Recruitment Firms Who Plunge into the Valley of Death

 In Business, Futureproofing, Remuneration

Rod Hore from HHMC Global recently caught up with Paula O’Connell of Oconsult to discuss the different financial models used in the recruitment industry.

We agreed that a significant area of concern for business owners of smaller recruitment companies is balancing staff remuneration and profitability. It should be. For those who do not manage staff costs and staff performance tightly will find themselves in the recruitment Valley of Death in the next economic downturn.

What is the Valley of Death? When a business owner is paying out the commission to well supported and underperforming consultants but, the company is making a loss.

The data doesn’t lie – staff are costing too much

When your employees cost too much it can be for one of two reasons – they are on a package that is greater than the gross profit generated, or they are underperforming. The result is the same; the company is put at risk.

The above data from the RIBreport shows that over the years, and across different company sizes, the problem continues. The bar chart shows that companies with a staff size of 1-10 on average are paying 54% of generated gross profit in management and staff costs. What remains is allocated to expenses and profit.

For companies with 11-20 staff, management and staff costs are close to 60%, and worse again for firms with 21-40 staff where this number soars to nearly 65%.

This is unsustainable and puts the average company in serious risk.

The best companies, those at the 90th percentile of the benchmark, can manage their management and staff costs, ranging from 31%, 43% and 55% across the three company size groups. We contend that 55% is still too high, but is achievable with sensible employment structures combined with practical performance management.

How did this happen?

The recruitment model has continued to develop with consultants now operating as candidate managers and job fillers, PSA managers and 360-degree consultants to name a few. Remuneration packages, however, have not evolved; with some consultants earning up to 50% of billings and the majority still realising a third of their earnings.

This model can work well if a consultant operates truly as a 360o consultant with their own new business development responsibility, however, all too often, it is the business owner who is the “rainmaker” and the consultants purely delivery, supported by expensive marketing and resourcing.

Recruitment firms that have grown beyond 10 – 15 staff face the added challenge of management structures to manage their business and can find that bigger is not always better, especially when they are still using old style remuneration models.

Weighing up the risks

These old style remuneration models are dangerous for a number of reasons.

Business owners can over-invest their time to carry underperforming consultants. Especially with smaller firms, a consultant who is not performing can have the benefit of a cozy relationship with the owner. “We’re all grown-ups here” is a common defence to ignore the issues at hand.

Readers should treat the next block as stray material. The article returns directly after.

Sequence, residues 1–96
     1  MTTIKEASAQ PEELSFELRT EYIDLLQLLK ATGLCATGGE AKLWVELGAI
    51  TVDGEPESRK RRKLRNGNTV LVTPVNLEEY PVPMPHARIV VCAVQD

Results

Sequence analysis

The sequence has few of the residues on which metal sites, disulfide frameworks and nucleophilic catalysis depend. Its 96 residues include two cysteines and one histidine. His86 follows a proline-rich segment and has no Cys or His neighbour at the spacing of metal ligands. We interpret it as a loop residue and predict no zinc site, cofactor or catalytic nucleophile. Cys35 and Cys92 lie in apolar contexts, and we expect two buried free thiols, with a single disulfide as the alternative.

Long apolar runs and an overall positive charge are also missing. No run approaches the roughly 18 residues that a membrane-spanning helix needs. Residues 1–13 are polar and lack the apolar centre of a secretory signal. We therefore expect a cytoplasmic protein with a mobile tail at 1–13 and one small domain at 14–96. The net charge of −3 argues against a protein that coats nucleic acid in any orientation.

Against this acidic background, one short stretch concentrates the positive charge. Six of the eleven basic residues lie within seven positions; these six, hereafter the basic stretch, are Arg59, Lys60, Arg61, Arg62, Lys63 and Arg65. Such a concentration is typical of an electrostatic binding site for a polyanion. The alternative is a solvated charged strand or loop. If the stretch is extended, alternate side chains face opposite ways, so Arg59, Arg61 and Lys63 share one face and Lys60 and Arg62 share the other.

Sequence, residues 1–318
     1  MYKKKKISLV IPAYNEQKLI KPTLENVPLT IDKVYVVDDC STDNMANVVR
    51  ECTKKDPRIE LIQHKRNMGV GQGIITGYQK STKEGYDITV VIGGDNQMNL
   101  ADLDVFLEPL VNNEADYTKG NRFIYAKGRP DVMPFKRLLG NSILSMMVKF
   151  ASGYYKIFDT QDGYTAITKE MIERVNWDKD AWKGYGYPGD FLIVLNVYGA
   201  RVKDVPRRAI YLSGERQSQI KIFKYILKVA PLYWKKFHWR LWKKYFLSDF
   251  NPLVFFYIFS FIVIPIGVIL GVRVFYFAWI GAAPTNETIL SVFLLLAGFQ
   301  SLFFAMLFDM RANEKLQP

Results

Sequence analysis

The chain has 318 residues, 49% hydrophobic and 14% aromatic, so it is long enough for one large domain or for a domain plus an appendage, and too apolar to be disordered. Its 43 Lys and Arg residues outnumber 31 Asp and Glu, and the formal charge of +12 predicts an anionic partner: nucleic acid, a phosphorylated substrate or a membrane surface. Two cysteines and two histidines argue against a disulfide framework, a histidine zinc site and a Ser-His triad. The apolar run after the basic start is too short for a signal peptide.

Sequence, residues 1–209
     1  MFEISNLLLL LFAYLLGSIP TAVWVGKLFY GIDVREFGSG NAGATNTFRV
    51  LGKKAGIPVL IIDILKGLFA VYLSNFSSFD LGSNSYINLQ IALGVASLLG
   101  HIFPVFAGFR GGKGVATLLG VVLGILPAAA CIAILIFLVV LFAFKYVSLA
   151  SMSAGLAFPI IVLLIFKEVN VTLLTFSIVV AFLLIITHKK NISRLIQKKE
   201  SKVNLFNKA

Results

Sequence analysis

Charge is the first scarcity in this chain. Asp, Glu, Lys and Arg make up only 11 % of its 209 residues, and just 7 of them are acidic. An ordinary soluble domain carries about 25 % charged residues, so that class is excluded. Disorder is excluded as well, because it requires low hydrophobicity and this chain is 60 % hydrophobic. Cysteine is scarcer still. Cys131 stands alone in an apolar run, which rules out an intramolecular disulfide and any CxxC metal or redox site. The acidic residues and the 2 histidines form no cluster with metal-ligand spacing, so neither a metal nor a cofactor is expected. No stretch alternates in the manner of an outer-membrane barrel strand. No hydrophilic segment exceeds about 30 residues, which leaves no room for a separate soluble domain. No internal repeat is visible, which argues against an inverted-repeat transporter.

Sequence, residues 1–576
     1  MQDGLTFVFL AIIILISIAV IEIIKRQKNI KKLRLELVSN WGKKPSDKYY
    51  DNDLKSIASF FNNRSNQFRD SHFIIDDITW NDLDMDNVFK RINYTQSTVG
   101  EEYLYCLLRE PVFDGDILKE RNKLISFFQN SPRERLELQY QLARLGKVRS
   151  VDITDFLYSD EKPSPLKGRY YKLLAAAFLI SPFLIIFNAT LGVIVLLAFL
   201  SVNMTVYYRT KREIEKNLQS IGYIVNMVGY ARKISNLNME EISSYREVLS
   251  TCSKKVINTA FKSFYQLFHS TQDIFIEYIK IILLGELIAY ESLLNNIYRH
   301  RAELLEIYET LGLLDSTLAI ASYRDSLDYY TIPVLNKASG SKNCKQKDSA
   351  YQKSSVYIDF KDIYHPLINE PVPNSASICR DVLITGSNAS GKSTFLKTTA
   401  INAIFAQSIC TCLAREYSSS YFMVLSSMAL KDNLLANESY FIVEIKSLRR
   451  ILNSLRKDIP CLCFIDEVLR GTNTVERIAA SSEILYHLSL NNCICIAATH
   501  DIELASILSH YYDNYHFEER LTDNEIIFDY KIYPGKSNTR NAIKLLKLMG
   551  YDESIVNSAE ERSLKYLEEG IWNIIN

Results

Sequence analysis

A second risk is when business owners are not salaried within their own company. They rely on the actual company profit as their income. After owners receive their dividends, in reality, the company may only be operating at break-even.

But it’s not just about business viability. Should you plan to sell your business at some stage, then new business development needs to be part of the overall process and not just generated by the principals of the firm.

Changing the conversation with your consultants is always a challenge – what to do? No one wants to go back to their junior days of completing job activity forms, however, increasing your consultant productivity improves your business profitability and ensure for times of a market slowdown.

Take-aways to consider:

  • Renegotiate salaries and bonuses based on the type of work that the consultant is working on – company referred or new business generated – and the support they receive.
  • Arrange a salary for consultants who are managing key accounts that reflect the importance of their work without a business development component.
  • Talk to your consultants every quarter on their billings and how this parallels to their total income. Such conversations can highlight where they need to step up and provide data for any difficult decisions you may need to make for the future.
  • Set commission and bonus structures so that company expenses are covered by discretionary payments are made. A consultant has to contribute to non-billing staff, rent, IT, and all other expenses.
  • Ensure, as a business owner, you allow for an appropriate salary for yourself in your P&L – this will then truly reflect the profitability of your business and help see the impact of carrying overpaid consultants.
  • Share the top line company P&L with your staff – so that they can see the overall performance and impact that they have. Agree as a team the target profitability for the company with a shared bonus for overachieving it.
  • Assess the optimal size for your business and whether growing your company will mean increased management costs and less profitability.

Staffing costs will always be the most significant expense of a recruitment business and should be your best investment. But it is an investment that you have to manage smartly to keep your business from plunging into the Valley of Death.

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